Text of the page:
Last Friday, Die Welt published a profile of Bochum talent Leon Goretzka. The article characterized the box-to-box midfielder, who at age 17 has already become a regular starter for his club.
Goretzka is widely regarded as one of Germany’s brightest prospects, and accordingly has attracted the interest of many of Europe’s top clubs. According to Die Welt’s sources, Real Madrid, Dortmund and Bayern are among the leading candidates for his signature, with FCB sporting director Matthias Sammer having labeled Goretzka the Bavarians’ top priority in the transfer market.
Bayern may be an alluring destination, but for Goretzka to join the Munich side would be a big mistake for the youngster, a real danger for several other players in the Bavarians’ ranks, and a waste for the club.
While Goretzka is extremely mature for his age, the player is not yet at the level of his potential competitors at Bayern and will need a few years to develop. There may be precedents involving young players succeeding at Bayern, such as Thomas Mueller, Holger Badstuber, Toni Kroos and David Alaba, but looking back, there was an opening for each.
Badstuber, for example, became a regular when his only competition was Martin Demichelis and Daniel van Buyten. Alaba came to prominence after Bayern had gone nearly five years without a decent fullback opposite Philipp Lahm.
For Goretzka to become a starter, however, he would first have to surpass two of Bastian Schweinsteiger, Luiz Gustavo, €40 million-man Javi Martinez, and perhaps Kroos. He could be used as part of a rotation, but there already is an abundance of talent in his position.
Emre Can is one of Germany’s brightest prospects in the 18-year-old class, and he can’t even get a spot on the Bayern bench outside DFB-Pokal matches. Danish starlet Pierre-Emile Hojbjerg was signed in January as a long-term central midfield prospect, and also at 17, he will have to match Goretzka’s staggering maturation rate in order to stand a chance of making a name for himself.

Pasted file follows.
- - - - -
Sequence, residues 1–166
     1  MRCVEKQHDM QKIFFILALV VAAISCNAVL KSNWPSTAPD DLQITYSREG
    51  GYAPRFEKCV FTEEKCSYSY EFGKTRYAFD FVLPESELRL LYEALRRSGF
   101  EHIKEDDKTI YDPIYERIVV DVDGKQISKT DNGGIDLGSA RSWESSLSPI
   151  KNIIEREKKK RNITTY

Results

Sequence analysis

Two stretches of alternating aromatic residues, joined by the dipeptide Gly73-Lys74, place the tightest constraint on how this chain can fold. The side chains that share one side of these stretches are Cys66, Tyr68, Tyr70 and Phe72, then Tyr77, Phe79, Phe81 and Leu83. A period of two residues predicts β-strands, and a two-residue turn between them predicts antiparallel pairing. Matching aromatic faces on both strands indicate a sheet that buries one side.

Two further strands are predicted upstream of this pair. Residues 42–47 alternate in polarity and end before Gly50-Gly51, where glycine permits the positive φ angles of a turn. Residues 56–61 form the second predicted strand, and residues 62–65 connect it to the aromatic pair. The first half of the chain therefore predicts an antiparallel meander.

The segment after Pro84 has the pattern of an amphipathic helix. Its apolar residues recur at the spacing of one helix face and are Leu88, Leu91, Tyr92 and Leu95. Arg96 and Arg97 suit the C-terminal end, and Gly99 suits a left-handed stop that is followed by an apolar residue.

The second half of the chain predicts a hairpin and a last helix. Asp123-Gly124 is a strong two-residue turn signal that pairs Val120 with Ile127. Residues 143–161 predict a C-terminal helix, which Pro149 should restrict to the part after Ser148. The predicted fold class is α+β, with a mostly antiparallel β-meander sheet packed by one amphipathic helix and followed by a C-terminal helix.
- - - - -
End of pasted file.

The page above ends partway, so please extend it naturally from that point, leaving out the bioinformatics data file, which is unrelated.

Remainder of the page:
Training with a top club like Bayern has its benefits, but that is not enough. Regular playing time at a high level is essential for every player’s development.
Consider Thiago Alcantara, Cristian Tello and Isaac Cuenca at Barcelona: All have talent, but given only sporadic playing time, none has progressed since debuting for the senior side. Even Pedro Rodriguez and Alexis Sanchez have had their growth stunted due to inconsistent use.
It is arguable that the use of loans will allow Bayern to have seven central midfielders under contract, with each earning regular playing time. This, however, is a very tricky issue. Footballers, especially those with youth and ambition, do not like to be treated as tradable commodities.
Takashi Usami, for example, declined a sign-and-loan deal with Bayern over the summer in favor of tying himself to Hoffenheim, the club whereto he would have otherwise been loaned.
It cannot be assumed that Goretzka would accept such a deal. Nor can it be assumed that Emre would agree to an extension beyond 2014 if direct competition were brought in to threaten the future he’s earned at Bayern.
And without a secure future in Munich, playing on loan at a lesser club like Nuernberg or Freiburg becomes a big risk. The loanee would have to count on succeeding enough to return with a regular role at Bayern. If this cannot be expected, a full transfer to a side like Dortmund or Schalke would objectively be a better option.
Bayern will have a tremendous midfield for years to come, no matter who it contains. It would be irresponsible and unnecessary, though, for the German giants to continue to acquire players of the same position. Seven top class central midfielders on one team is over the top, and Goretzka should be wary until this changes. Bayern need to choose which four or five players they want to have as options in their central midfield in the years to come, not offer false hopes that will ruin careers.